It is more important to help yourself to ‘stay the course’ when you may feel like you are coming ‘undone’ in order to create your transition letting yourself oscillate between holding on and letting go.

There may be job offers along the way but for full reinvention of your professional identity time is needed as you move yourself from the old to the new.

What will you do to sustain yourself along this path?

Who will support you as you go adventuring?

What will do for yourself to manage strong emotions and challenges to your self identity?

Theoretical Concepts

Parallel Paths (Herminia Ibarra) is about making experiments or side projects and temporary assignments to explore possible career identities. These are not binding assignments and can help you to ascertain your enduring values and preferences.

These side projects can help you to get a feel for a new line or style of working.

The confusing period of ‘in-between’ or Liminal Space* is part of transitions

Expect to feel confused as you enter into the space of wanting something different for yourself as you head into the unknown possibilities of your career or job role change.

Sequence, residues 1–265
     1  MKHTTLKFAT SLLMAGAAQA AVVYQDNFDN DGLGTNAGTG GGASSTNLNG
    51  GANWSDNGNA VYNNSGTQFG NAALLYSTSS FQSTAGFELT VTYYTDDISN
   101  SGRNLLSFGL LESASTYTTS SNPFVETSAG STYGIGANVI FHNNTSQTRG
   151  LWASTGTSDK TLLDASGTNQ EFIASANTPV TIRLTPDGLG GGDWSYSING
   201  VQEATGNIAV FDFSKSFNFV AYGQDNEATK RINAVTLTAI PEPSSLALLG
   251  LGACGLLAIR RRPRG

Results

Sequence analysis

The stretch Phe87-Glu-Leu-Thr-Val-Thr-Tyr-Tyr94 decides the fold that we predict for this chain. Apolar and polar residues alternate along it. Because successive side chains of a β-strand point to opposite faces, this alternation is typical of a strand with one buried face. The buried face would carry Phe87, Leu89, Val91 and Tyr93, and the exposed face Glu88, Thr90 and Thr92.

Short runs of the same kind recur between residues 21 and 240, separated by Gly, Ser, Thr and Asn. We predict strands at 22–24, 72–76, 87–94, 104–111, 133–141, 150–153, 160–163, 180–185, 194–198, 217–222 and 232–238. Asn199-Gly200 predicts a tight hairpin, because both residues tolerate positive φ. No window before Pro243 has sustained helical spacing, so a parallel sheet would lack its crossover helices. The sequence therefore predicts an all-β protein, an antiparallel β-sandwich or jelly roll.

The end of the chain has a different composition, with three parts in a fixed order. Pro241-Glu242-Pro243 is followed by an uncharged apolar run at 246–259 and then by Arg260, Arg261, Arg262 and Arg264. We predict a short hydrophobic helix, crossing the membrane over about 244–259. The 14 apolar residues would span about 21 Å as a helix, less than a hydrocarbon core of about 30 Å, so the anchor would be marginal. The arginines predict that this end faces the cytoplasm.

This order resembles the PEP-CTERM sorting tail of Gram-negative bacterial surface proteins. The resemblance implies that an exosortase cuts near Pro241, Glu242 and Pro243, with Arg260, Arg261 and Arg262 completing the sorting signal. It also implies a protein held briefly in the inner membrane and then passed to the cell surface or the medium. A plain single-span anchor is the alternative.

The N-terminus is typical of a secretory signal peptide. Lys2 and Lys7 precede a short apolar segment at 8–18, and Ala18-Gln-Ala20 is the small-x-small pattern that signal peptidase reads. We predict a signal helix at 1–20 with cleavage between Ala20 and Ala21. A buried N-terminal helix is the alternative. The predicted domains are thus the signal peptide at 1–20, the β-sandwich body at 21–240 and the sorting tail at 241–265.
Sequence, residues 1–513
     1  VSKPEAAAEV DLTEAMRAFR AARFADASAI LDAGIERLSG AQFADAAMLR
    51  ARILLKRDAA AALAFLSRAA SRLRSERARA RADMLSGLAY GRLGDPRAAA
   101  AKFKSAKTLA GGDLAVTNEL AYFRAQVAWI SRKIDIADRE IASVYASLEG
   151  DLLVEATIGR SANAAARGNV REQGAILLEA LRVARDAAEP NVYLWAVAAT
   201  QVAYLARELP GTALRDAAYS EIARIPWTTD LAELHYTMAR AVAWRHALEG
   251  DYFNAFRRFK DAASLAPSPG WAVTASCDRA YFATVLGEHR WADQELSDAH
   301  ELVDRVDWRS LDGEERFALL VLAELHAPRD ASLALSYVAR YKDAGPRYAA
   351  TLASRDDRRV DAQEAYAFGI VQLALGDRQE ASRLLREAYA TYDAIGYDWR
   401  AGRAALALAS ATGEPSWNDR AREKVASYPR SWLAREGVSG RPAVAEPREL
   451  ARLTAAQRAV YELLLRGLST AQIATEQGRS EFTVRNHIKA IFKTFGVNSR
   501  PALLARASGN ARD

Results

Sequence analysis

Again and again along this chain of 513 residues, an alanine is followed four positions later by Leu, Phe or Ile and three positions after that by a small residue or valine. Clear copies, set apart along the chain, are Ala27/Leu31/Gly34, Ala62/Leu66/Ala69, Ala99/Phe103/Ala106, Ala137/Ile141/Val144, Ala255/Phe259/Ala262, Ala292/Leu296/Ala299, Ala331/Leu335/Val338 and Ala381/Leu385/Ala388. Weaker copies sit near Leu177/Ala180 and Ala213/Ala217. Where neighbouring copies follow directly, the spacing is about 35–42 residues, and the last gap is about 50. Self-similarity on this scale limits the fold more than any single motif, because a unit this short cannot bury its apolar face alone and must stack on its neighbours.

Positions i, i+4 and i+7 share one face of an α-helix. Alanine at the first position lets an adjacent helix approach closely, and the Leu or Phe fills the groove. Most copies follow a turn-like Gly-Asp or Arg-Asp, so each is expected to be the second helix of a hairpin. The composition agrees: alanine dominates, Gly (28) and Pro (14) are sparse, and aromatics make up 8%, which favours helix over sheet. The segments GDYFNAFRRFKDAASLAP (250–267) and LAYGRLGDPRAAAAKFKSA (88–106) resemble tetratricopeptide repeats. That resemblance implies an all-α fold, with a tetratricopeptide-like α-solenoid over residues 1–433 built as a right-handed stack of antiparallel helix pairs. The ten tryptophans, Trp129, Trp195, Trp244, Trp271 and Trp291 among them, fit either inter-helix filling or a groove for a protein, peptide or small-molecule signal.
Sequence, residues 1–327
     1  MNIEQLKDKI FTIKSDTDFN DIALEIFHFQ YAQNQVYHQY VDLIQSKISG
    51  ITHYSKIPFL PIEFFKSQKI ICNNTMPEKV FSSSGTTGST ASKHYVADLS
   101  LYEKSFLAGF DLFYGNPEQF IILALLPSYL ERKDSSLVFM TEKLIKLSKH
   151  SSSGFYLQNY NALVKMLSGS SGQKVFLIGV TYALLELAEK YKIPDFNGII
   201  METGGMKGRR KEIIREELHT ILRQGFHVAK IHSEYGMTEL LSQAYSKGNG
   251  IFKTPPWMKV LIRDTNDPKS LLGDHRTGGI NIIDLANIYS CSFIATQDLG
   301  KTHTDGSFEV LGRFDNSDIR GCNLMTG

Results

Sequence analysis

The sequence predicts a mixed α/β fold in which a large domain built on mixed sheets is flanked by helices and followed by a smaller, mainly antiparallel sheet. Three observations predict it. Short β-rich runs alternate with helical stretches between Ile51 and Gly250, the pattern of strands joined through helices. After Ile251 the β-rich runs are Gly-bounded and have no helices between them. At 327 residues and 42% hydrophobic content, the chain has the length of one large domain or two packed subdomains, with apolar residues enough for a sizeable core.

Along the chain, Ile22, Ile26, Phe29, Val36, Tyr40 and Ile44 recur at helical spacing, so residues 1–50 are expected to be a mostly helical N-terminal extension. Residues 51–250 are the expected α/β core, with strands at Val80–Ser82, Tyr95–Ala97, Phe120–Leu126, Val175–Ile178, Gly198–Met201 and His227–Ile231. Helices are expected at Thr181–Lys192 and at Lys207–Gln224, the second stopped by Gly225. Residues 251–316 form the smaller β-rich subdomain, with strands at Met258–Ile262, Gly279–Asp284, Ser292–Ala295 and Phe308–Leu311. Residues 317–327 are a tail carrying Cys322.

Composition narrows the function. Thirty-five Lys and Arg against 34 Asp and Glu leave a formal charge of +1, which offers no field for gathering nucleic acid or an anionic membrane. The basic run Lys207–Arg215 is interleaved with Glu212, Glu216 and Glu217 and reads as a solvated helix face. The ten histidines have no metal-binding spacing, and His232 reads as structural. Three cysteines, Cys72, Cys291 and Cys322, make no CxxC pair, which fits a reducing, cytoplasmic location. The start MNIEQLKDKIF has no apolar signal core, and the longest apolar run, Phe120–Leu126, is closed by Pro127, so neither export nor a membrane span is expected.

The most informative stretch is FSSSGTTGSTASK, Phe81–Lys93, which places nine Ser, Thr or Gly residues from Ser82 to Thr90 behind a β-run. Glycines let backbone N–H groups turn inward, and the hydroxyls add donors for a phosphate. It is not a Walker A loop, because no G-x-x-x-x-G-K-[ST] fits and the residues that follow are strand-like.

Changing careers or job roles involves our personal identity as well as self image, our relationships, social status, sense of personal agency and responsibility in the world.

How you see the world will shift.

Help in the form of:

Rites of Passage Arnold Van Gennep (1900’s)

Van Gennep*, anthropologist and ethnographer identifies three stages of movement from one phase of life into another:

Separation, where you leave behind what you were.

Liminality, or threshold between one thing and another and,

Incorporation, where you fully take on and embody your new identity

Certain positions (or two truths at once) can thrust you into liminality such as:

  • I do not want to do this work anymore…but what to do next?
  • I cannot leave this work because of finances yet I know I need to go.
  • I do not know what exactly to look for in my next role yet it is time to move on.

Expected emotions

Expected emotions now your known category or professional identity is going:

  • Intense emotions.